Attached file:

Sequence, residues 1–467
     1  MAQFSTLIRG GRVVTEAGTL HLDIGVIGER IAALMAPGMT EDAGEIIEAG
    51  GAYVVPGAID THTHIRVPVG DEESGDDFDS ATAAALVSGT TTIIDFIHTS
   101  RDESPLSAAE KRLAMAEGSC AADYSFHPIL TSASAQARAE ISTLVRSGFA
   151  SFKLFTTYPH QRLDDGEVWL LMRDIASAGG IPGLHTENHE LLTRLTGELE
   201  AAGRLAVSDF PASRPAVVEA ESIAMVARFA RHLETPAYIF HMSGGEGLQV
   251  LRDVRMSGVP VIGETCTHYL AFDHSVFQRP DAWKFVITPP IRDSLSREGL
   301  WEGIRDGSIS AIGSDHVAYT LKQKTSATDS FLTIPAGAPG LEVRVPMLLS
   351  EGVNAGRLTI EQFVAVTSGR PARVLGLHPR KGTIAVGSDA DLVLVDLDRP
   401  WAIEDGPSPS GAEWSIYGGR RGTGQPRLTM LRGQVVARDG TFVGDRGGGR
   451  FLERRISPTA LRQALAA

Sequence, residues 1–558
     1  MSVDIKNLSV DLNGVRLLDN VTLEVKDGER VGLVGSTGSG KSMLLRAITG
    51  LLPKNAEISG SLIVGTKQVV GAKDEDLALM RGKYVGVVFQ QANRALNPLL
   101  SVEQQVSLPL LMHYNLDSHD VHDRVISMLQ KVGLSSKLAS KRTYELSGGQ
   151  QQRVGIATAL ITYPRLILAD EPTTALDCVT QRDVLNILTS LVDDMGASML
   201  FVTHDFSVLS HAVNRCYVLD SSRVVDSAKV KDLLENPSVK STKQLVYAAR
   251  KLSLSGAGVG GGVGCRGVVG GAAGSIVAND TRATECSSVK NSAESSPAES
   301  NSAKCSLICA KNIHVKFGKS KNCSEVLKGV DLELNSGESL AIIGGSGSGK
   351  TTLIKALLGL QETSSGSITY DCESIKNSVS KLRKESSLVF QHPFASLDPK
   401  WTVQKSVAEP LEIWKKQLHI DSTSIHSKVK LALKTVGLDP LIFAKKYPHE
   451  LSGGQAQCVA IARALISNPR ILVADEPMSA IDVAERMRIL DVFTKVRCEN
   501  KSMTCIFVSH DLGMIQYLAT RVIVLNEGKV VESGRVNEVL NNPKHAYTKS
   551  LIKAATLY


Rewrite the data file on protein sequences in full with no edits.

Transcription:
Sequence, residues 1–467
     1  MAQFSTLIRG GRVVTEAGTL HLDIGVIGER IAALMAPGMT EDAGEIIEAG
    51  GAYVVPGAID THTHIRVPVG DEESGDDFDS ATAAALVSGT TTIIDFIHTS
   101  RDESPLSAAE KRLAMAEGSC AADYSFHPIL TSASAQARAE ISTLVRSGFA
   151  SFKLFTTYPH QRLDDGEVWL LMRDIASAGG IPGLHTENHE LLTRLTGELE
   201  AAGRLAVSDF PASRPAVVEA ESIAMVARFA RHLETPAYIF HMSGGEGLQV
   251  LRDVRMSGVP VIGETCTHYL AFDHSVFQRP DAWKFVITPP IRDSLSREGL
   301  WEGIRDGSIS AIGSDHVAYT LKQKTSATDS FLTIPAGAPG LEVRVPMLLS
   351  EGVNAGRLTI EQFVAVTSGR PARVLGLHPR KGTIAVGSDA DLVLVDLDRP
   401  WAIEDGPSPS GAEWSIYGGR RGTGQPRLTM LRGQVVARDG TFVGDRGGGR
   451  FLERRISPTA LRQALAA

Sequence, residues 1–558
     1  MSVDIKNLSV DLNGVRLLDN VTLEVKDGER VGLVGSTGSG KSMLLRAITG
    51  LLPKNAEISG SLIVGTKQVV GAKDEDLALM RGKYVGVVFQ QANRALNPLL
   101  SVEQQVSLPL LMHYNLDSHD VHDRVISMLQ KVGLSSKLAS KRTYELSGGQ
   151  QQRVGIATAL ITYPRLILAD EPTTALDCVT QRDVLNILTS LVDDMGASML
   201  FVTHDFSVLS HAVNRCYVLD SSRVVDSAKV KDLLENPSVK STKQLVYAAR
   251  KLSLSGAGVG GGVGCRGVVG GAAGSIVAND TRATECSSVK NSAESSPAES
   301  NSAKCSLICA KNIHVKFGKS KNCSEVLKGV DLELNSGESL AIIGGSGSGK
   351  TTLIKALLGL QETSSGSITY DCESIKNSVS KLRKESSLVF QHPFASLDPK
   401  WTVQKSVAEP LEIWKKQLHI DSTSIHSKVK LALKTVGLDP LIFAKKYPHE
   451  LSGGQAQCVA IARALISNPR ILVADEPMSA IDVAERMRIL DVFTKVRCEN
   501  KSMTCIFVSH DLGMIQYLAT RVIVLNEGKV VESGRVNEVL NNPKHAYTKS
   551  LIKAATLY